In the early 2000s, David Kaiser first visited famed physicist Freeman Dyson at the Institute for Advanced Study in Princeton, New Jersey. By the end of the conversation, Dyson was handing over keys to his office, along with files, to help Kaiser’s research — a characteristically open gesture by Dyson, a legendary quantum theorist.
The English-born Dyson started his career as a mathematical prodigy who helped expand quantum electrodynamics (QED) — the study of the quantum behavior of light and its interaction with charged particles — and ended it as a renowned author of science books and essays. In between, Dyson dove into a wide array of subjects, including the origins of life, the design of nuclear power plants, nuclear missile disarmament, astrophysics, and space travel, becoming a hero to futurists. Dyson also courted controversy late in life for downplaying the dangers of climate change, having previously recognized the salience of the issue as early as the 1970s.
Now, Kaiser, a historian of science and active physicist himself, has edited a volume of essays about the life and career of Dyson, titled, “‘Well, Doc, You’re In’: Freeman Dyson’s Journey through the Universe,” published today by the MIT Press. (The title is a quip Richard Feynman once made after another young physicist praised Dyson’s work at a physics conference.) Contributors include the prominent technologist Esther Dyson, who was Dyson’s daughter. MIT News talked about the new book with Kaiser, who is the Germeshausen Professor of the History of Science in MIT’s Program in Science, Technology, andSociety, and a professor in the Department of Physics.
Q: What is most interesting to you about Freeman Dyson?
A: Freeman Dyson was more than just another really smart scientist. Dyson strikes me as an unusual thinker who tackled a range of questions with tenacity. He wasn’t right every time. We know sometimes he was fantastically not correct, like every human. But his intellectual fearlessness and open-ended curiosity was astonishing. To have made the kinds of contributions he did across the span of topics in addition to physics and math — an original design of a nuclear reactor, trying to reimagine space travel, thinking hard about nuclear disarmament, the fundamentals of life sciences and biology — he wasn’t just broadly curious, he was relentless. And over the decades he emerged as an award-winning, beloved author with bestselling books. When I got to know him, I saw kindness and curiosity. He was very self-effacing and modest, a fascinating person.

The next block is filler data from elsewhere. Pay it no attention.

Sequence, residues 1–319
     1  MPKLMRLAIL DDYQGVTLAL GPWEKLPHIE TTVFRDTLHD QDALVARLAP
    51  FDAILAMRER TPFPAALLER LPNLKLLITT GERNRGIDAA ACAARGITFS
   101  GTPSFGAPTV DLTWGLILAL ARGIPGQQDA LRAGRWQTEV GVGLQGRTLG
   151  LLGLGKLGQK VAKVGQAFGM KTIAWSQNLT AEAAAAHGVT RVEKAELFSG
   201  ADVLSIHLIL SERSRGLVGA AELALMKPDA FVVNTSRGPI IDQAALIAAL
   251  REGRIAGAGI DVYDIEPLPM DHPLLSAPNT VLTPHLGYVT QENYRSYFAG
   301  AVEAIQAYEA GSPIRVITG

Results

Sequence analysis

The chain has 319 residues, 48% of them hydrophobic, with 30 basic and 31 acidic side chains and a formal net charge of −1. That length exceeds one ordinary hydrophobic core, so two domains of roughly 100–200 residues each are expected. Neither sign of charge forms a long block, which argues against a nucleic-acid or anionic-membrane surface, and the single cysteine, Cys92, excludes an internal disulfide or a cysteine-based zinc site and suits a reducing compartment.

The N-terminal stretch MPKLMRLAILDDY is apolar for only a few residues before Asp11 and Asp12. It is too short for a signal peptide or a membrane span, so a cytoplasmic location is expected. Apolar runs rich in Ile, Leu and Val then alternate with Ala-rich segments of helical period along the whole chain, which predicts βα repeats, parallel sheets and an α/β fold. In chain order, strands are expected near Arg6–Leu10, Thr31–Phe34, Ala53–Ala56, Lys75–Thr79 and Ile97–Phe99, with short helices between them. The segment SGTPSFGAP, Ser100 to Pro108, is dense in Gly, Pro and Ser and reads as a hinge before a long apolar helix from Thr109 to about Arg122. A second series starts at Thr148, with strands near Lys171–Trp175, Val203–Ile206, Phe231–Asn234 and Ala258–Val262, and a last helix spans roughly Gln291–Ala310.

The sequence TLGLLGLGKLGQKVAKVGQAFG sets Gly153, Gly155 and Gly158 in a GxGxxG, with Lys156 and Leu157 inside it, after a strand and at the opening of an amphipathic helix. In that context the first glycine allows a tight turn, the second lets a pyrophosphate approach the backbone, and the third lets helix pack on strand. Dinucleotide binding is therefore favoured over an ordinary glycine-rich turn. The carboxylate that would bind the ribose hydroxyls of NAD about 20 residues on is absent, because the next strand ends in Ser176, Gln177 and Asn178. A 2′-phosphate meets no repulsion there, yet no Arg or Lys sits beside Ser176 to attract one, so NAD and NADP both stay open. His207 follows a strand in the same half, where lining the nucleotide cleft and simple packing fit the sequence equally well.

Q: Dyson is often described as expanding and popularizing the work of the quantum theorists Richard Feynman, Julian Schwinger, and Sin-Itiro Tomonaga, who had developed QED. But how would you describe his specific accomplishment here?
A: Dyson was synthesizing work from multiple scientists that even his colleagues thought might not have much in common. They had each found a way to conquer the first round of corrections in QED, which had stymied generations before. That was enormous. For years until that time, the equations had kept breaking down, yielding these infinites when everyone knew the answer should be some small number. The three of them had cracked that, independently, with very different-looking methods.
Dyson put it all together in a way they had missed. He first demonstrated that the three distinct approaches were in fact compatible — they shared a common underpinning. And then he pushed much further than the other three, demonstrating in a real tour de force that one could calculate the corrections to arbitrary precision. Where Feynman, Schwinger, and Tomonaga had each found a way to calculate basically the percent-level corrections for a given physical process, Dyson demonstrated that the corrections could be computed, self-consistently, all the way out to parts-per-million, parts-per-billion, and beyond.
And indeed, thanks to Dyson’s insights, QED is the most precise scientific theory in human history. Specific quantities, such as how an electron will respond when placed in a magnetic field, can now be calculated using Dyson’s techniques all the way out to 12 decimal places and compared with stunning laboratory measurements — and the theoretical predictions and experimental measurements match all the way out to parts-per-trillion.
Dyson wasn’t just popularizing the work of others; he was supercharging the efforts of the other three. On top of that, Dyson became a remarkably effective ambassador for the new methods, patiently teaching a whole generation how to perform the new kind of calculations. You can trace the spread of these new techniques to Dyson, literally more than any person on Earth.
Q: Why did Dyson move on from physics? And across all these topics, were there any common characteristics in his thinking?
A: Partly he had this roving curiosity from his really early years onward. And from his school years, through university, and his searing experience during the Second World War, when he worked for the British military authorities, trying to mathematize strategies for bombing campaigns, he became very skeptical of hierarchy and formal organizations.